Skip to main content
Hakaras haTov -- How far?

Another interesting ha'ara from the Sifsei Chaim, Midos v'Avodas haShem. After the burning bush incident, where Moshe Rabbeinu was told in a direct navu'a from haShem to go to Mitzrayim to bring out Klal Yisrael (and all the back and forth there), we have pasuk 4:18: Moshe left and returned to Yeser his father-in-law, etc. Rashi brings the M'chilta on that verse that says that Moshe was asking to leave because he had promised his father-in-law not leave Midian without permission. The medrash explains that Moshe had made the promise because of his hakaras hatov to Yisro.

Now wait a minute... the entire klal yisrael is languishing in Mitzrayim, it is time for them to be redeemed, and Moshe is the chosen redeemer. Yet Moshe Rabbeinu needs his father-in-law's permission? And just what was the chesed that Yisro had done for Moshe? Yisro had invited Moshe in for a meal. And why did Yisro invite Moshe in for a meal? Because Moshe had just saved his daughters and watered his flocks. Also, since Yisro had been excommunicated since swearing off avoda zara, he was having trouble finding a shiduch for his daughters and Moshe seemed a likely candidate. So the chesed was relatively small and Yisro (besides his ulterior motives of looking for a shiduch) was really repaying a debt of gratitude to Moshe Rabeinu anyway.

I think there are at least two very practical and implementable lessons to take from here. First is that my obligation for hakaras hatov is not in any way diminished simply because the other person has ulterior motives. So what? That is their business; from my perspective I received a chesed and I need to acknowledge that. A thank you (with a seiver panim yafos, of course) is inexpensive and always appreciated. Thank your ba'al t'fila for leading the services, your friend for bringing you a cup of coffee, your husband/wife for being your husband/wife.

Second, there is One who acts with no ulterior motives, wants nothing but your happiness and well-being, and provides for your ever minute of the day and every breath of your life. So when you make a bracha, take a few seconds to do it justice. Look at the food, for example, and appreciate the color, warmth, smell, feel, etc. Take just a moment to appreciate the complex system that supports growing it, transporting it, storing it, making it affordable, etc. Remember that HaShem made the entire creation so you could appreciate and enjoy being; and this is part of it. And then say the bracha word by word as if you really mean it. Thank G-d.

Comments

Popular posts from this blog

Thought for the Day: Battling the Evil Inclination on all Fronts

Yom Kippur.  When I was growing up, there were three annual events that marked the Jewish calendar: eating matzos on Passover, lighting candles on Chanuka, and  fasting on Yom Kippur.  Major news organizations around the world report on the "surreal" and "eerie" quiet of the streets in even the most secular neighborhoods of Israel.  Yom Kippur.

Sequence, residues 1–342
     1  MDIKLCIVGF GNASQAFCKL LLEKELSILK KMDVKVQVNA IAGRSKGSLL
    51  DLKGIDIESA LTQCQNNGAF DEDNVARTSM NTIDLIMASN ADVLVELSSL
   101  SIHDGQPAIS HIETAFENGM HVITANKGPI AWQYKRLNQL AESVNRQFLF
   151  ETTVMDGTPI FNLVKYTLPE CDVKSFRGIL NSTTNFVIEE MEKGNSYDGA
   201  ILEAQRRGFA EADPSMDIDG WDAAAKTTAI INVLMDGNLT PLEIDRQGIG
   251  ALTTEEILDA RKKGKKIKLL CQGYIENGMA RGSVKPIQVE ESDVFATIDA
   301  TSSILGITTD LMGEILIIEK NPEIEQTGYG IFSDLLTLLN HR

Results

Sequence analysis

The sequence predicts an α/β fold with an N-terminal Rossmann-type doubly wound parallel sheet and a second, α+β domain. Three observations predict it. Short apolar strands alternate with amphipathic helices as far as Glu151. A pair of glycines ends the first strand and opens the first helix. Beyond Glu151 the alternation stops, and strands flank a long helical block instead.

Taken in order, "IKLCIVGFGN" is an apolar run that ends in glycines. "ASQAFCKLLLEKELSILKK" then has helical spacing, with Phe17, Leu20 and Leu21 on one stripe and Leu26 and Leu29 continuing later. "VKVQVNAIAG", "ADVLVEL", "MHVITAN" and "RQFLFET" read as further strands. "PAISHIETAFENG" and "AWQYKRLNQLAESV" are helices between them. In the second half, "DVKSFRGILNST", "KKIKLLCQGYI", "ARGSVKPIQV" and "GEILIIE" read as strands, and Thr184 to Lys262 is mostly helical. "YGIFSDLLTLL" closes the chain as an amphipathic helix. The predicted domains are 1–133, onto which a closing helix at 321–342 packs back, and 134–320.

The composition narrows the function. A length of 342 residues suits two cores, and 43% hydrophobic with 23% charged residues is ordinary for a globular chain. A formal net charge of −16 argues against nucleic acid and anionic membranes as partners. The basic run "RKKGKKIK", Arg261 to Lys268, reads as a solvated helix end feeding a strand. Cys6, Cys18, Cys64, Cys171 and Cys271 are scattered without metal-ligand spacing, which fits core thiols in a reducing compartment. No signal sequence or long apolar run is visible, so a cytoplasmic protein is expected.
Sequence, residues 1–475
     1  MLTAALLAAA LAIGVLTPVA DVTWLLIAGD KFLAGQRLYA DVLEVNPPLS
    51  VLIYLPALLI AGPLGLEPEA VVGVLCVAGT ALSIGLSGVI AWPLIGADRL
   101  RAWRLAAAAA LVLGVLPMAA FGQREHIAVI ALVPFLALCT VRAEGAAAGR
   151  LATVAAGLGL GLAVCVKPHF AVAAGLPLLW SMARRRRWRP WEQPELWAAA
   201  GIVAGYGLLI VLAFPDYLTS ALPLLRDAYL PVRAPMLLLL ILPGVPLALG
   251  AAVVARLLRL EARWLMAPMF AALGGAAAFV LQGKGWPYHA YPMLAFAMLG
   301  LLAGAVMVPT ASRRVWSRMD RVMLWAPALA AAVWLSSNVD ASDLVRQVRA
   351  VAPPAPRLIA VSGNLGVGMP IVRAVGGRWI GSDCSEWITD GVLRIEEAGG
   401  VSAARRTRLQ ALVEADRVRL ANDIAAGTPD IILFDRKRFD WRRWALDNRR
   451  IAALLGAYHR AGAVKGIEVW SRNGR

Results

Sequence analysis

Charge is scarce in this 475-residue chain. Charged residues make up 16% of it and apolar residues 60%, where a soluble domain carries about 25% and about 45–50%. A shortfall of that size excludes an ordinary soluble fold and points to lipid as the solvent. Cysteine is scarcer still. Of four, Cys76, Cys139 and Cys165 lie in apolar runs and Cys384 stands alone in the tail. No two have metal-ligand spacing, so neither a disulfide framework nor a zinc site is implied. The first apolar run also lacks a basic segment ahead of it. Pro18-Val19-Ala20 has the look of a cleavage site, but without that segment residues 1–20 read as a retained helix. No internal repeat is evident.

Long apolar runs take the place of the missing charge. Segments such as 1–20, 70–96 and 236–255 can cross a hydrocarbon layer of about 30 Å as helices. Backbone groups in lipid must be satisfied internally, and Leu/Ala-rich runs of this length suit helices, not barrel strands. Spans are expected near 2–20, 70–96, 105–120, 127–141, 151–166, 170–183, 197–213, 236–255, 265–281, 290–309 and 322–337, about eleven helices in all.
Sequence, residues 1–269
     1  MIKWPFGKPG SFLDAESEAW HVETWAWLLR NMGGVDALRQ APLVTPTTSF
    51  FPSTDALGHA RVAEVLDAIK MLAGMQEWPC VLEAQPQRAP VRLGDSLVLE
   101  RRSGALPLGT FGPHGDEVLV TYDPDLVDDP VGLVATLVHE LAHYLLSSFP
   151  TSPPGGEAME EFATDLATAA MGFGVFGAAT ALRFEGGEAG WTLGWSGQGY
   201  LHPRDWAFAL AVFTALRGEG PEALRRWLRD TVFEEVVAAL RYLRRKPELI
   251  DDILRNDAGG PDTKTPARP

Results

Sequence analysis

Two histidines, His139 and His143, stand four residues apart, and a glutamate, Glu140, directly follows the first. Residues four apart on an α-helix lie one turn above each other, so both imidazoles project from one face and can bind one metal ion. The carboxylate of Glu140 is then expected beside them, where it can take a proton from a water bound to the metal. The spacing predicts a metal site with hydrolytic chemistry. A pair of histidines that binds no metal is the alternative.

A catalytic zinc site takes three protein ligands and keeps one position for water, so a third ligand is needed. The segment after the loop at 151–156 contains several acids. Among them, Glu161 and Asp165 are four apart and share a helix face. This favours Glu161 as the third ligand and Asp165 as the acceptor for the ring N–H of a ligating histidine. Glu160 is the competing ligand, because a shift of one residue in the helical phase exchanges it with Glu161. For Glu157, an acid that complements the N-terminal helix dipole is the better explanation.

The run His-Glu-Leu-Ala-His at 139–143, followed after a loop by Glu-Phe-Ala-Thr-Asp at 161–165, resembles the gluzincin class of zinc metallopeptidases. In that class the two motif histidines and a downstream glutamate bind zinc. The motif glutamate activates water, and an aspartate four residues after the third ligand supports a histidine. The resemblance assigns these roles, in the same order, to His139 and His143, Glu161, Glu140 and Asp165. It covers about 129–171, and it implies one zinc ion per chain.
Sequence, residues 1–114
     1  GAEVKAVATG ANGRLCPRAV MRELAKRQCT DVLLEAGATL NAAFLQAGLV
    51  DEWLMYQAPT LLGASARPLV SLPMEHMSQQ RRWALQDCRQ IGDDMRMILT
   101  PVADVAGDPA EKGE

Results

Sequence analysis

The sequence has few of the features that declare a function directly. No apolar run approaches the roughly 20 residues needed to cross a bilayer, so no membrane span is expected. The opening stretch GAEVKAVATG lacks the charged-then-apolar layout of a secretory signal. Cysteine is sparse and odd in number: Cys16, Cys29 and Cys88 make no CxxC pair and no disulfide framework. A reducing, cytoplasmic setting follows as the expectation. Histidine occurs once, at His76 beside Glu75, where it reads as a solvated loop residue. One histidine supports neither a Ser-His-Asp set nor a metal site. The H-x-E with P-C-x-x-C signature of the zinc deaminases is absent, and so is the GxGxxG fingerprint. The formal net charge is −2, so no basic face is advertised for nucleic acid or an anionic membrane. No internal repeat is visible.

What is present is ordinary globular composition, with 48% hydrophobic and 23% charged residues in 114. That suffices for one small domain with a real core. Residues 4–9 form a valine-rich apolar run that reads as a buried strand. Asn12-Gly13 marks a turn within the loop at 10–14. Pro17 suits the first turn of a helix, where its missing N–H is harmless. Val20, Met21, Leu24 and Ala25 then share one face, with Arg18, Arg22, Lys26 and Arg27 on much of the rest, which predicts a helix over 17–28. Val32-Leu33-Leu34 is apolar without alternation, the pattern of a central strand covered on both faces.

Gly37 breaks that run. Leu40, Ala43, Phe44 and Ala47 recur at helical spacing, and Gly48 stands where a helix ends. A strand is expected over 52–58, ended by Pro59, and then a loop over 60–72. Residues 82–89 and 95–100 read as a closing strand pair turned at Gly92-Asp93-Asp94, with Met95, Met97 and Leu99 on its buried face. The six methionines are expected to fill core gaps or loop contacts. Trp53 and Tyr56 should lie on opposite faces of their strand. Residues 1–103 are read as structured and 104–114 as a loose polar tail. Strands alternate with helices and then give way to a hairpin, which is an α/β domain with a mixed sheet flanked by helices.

As you know, I am observant of Jewish law.  Some have even called me "ultra orthodox" (not in a kind way).  Given that, I have a question.  How likely do you think that I would be tempted to eat on Yom Kippur, that most holy day of the year?  Let's make the scale zero to ten, where zero is "as likely as driving through McDonald's on Shabbos and ordering a Big Mac with extra cheese." and ten is "as likely as breathing regularly".  Take your time.  If you answered "zero"; thank you, but -- sadly and penitently -- no.  The answer is more like nine; I'd like to say lower, but i…

Thought for the Day: Using a Mitzvah Object for Non-Mitzvah Purposes

As I am -- Baruch HaShem -- getting older, I am more cognizant of the fact that I'd like to stay as healthy as possible right up the moment I leave this world.  Stuff hurting is not the problem (I am told there is an old Russian saying that once you are 40, if you wake up and nothing hurts -- you're dead), stuff not working, however, is a problem.  To that end, for several years now I commute to work by bicycle (weather permitting, 30 minutes on an elliptical machine when weather does not permit).  I recently took up some upper body weight training.  Not because I want to be governor of California, just simply to slow down loss of bone mass and extend my body's healthy span.  Simple hishtadlus.  I have an 18 month old grandson who is just the right weight for arm curls (yes... I am that weak), so I do about 10 reps when I greet him at night.  He laughs, I get my exercise; all good.  (Main problem is explaining to the older ones why zeidy can't give them the same "…

Thought for the Day: Thanking HaShem Each and Every Day for Solid Land Near Water

Each and every morning, a Jew is supposed to view himself as a new/renewed creation, ready for a new day of building his eternal self through Torah and mitzvos.  We begin the day with 16 brachos to praise/thank/acknowledge HaShem for giving us all the tools we need to succeed.  We have a body, soul, and intellect.  We have vision, mobility, and protection from the elements.  Among those brachos, we have one that perhaps seems a bit out of place: רוקע הארץ על המים/Who spreads out the land on/over the water.  After all, it's nice to have a dry place to walk, but does that compare to the gratitude I have for a working body and vision?  As it turns out, I should; as explained by the R' Rajchenbach, rosh kollel of Kollel Zichron Eliyahu (aka, Peterson Park Kollel).  Your best bet is to listen to the shiur; very distant second is to continue, which I hope will whet your appetite for the real thing.

First... since we have dry land, I don't have to slog to work through even a foot…